FOR the first time in recorded history the arrival of a soft-top for me to try out was greeted with sunny skies and not the hint of a cloud.
Dropping the multi-layer canvas roof behind the cockpit, via an easy-to-use manual mechanism operated without leaving your seat, the stage was set for an inaugural summer drive al fresco.
Minus the usual cursing caused by rain marring another week with a car built for sunshine you can't help but have your spirits lifted.
For there is something uncompromisingly happy about Fiat's first roadster for more than a decade which sees the Italian marque delve back to the Swinging Sixties where its classic 124 Spider previously lived.
The modern interpretation is based on the Mazda MX-5 and it looks set to give the world-beater a run for its money.
The Spider is built alongside the MX-5 at the Mazda factory in Hiroshima but is demonstrably its own automobile as engine, gearbox, suspension and steering are Fiat specified.
The Italian motor manufacturer has turned the two-seater into a turbo with the 1.4-litre Fiat MultiAir engine ramped up to 140bhp. It can sprint from a standing start to 62mph in 7.5 seconds on its way to a top speed of 134mph.
Fuel economy suffers when you inevitably put the pedal to the metal though. The claimed 44.1mpg is a distant dream as my week with the car was spent in the mid-30s.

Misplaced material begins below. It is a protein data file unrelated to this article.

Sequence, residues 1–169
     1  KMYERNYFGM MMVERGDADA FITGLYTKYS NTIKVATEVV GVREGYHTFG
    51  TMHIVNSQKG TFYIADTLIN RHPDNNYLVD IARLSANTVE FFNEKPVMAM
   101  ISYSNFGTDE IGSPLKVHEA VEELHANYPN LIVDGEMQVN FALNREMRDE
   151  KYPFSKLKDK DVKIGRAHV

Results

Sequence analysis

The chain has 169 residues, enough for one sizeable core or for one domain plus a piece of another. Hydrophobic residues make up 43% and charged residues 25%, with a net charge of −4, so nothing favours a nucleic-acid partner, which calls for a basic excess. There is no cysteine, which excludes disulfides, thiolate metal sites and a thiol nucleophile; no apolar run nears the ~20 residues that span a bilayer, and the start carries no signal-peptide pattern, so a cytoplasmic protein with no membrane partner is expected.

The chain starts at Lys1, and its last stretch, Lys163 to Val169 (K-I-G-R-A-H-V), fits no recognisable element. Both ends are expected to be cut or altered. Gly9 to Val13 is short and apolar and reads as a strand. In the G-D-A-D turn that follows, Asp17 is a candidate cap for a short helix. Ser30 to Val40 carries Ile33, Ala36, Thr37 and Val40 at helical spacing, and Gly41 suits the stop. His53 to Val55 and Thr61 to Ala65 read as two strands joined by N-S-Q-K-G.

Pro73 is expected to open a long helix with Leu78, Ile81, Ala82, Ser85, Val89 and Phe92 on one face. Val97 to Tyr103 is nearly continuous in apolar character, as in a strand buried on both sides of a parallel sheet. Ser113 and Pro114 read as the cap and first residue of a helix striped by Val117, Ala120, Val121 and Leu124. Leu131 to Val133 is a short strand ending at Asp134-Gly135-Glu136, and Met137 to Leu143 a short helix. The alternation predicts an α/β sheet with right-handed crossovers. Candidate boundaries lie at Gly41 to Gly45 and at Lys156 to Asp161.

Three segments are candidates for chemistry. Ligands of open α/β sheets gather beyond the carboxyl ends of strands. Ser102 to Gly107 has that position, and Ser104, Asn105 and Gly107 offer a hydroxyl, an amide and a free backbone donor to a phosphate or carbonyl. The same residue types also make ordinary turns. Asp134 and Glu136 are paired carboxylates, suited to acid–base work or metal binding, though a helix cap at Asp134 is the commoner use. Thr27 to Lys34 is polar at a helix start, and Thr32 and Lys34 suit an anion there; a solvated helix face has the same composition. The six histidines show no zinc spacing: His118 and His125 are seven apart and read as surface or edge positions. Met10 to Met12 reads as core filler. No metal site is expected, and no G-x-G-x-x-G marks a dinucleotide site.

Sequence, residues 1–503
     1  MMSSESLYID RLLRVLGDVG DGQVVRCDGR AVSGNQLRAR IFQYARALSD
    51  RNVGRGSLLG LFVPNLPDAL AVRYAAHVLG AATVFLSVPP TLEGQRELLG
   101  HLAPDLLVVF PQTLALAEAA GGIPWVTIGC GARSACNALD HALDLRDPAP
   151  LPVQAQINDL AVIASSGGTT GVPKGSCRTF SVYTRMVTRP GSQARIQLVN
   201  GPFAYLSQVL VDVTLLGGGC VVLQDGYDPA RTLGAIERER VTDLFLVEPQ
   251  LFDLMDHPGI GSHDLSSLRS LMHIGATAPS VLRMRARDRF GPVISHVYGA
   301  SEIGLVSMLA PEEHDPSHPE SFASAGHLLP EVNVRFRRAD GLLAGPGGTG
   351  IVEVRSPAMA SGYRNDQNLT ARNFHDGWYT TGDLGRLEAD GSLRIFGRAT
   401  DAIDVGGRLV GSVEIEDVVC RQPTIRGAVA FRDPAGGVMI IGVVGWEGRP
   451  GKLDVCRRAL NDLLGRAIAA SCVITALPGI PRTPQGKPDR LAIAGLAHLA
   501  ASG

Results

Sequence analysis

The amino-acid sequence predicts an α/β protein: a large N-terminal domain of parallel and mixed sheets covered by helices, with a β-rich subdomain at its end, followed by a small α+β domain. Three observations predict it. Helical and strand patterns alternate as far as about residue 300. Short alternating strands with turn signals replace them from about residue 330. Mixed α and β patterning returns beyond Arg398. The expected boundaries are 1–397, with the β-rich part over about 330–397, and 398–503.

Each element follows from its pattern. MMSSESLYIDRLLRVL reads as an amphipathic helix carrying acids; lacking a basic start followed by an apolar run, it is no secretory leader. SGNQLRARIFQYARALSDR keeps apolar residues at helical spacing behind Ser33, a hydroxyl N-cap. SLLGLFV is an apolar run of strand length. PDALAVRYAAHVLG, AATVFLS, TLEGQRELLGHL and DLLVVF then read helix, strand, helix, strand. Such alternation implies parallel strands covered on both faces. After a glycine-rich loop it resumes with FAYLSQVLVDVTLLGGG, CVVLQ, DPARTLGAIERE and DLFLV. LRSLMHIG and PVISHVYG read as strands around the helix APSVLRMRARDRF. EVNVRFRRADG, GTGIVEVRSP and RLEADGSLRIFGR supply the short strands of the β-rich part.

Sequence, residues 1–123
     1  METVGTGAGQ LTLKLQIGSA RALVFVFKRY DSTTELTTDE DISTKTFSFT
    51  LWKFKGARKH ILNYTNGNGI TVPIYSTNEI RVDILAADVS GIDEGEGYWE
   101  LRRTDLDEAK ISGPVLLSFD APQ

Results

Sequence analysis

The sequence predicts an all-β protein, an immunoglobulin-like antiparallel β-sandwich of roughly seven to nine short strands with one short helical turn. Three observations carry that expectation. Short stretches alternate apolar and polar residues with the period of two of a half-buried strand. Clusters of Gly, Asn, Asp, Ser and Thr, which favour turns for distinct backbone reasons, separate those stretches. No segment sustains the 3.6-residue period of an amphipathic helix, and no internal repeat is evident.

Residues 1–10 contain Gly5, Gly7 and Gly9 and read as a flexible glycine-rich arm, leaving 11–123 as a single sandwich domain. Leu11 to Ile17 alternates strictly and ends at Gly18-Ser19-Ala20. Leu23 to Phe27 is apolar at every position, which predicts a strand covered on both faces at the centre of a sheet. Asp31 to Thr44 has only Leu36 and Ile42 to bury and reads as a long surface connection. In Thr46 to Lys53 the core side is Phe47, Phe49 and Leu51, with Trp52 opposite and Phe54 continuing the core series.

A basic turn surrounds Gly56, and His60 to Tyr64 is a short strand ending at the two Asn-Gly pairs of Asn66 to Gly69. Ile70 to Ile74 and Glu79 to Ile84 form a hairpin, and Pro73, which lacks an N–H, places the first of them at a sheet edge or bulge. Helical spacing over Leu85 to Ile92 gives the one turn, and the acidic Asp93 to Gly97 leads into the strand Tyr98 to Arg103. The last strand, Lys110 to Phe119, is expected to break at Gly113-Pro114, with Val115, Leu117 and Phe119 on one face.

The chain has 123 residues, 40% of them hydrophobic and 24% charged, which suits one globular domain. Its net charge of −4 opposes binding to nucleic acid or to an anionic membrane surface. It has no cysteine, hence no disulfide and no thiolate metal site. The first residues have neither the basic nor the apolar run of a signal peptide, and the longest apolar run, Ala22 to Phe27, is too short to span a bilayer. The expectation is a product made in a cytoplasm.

Running costs be damned though as this is a great motor to drive with ballerina-like balance and jet fighter reflexes demanding to be pushed to the limit.
Corners are a cakewalk while power pushed through the rear wheels and short-throw six-speed manual gearbox ensure ecstasy for anyone lucky enough to be behind the wheel.
It looks the business as well with Fiat restyling all the body panels and stretching the Spider so it is 5.5-inches longer. It looks unique with sharp lines and a pleasing face making it irresistible to the neighbours.
While the exterior keeps its distance from the MX-5, the interior reflects its origins with the dashboard boasting a display screen operated from a control panel in the centre console.
The radio was a bit fiddly as the station search function kept taking you back to the top of a very long list which you then had to scroll through to reach the desired station. As the stations I wanted to listen to were in the middle of this list it was a tad frustrating.
That said the cabin is well set out with care taken on fit and finish while the seats are figure-hugging and comfortable.
Three versions of the 124 Spider are offered with the flagship Lusso Plus trim I drove offering sat nav, a reversing camera, automatic operation for lights and wipers, natty LED headlamps, heated leather seats, splashes of chrome for the exhausts and rollover bars, as well as a Bose sound system.
Storage space is limited, as it is in the MX-5, with no glovebox or door pockets while a small cubby hole under the centre armrest and a box in the rear bulkhead supply space for your bits and bobs.
The boot is surprisingly roomy as it is quite deep so can cope with two overnight bags without getting into a lather. Stowing the hood has no impact on the 140-litres of space available.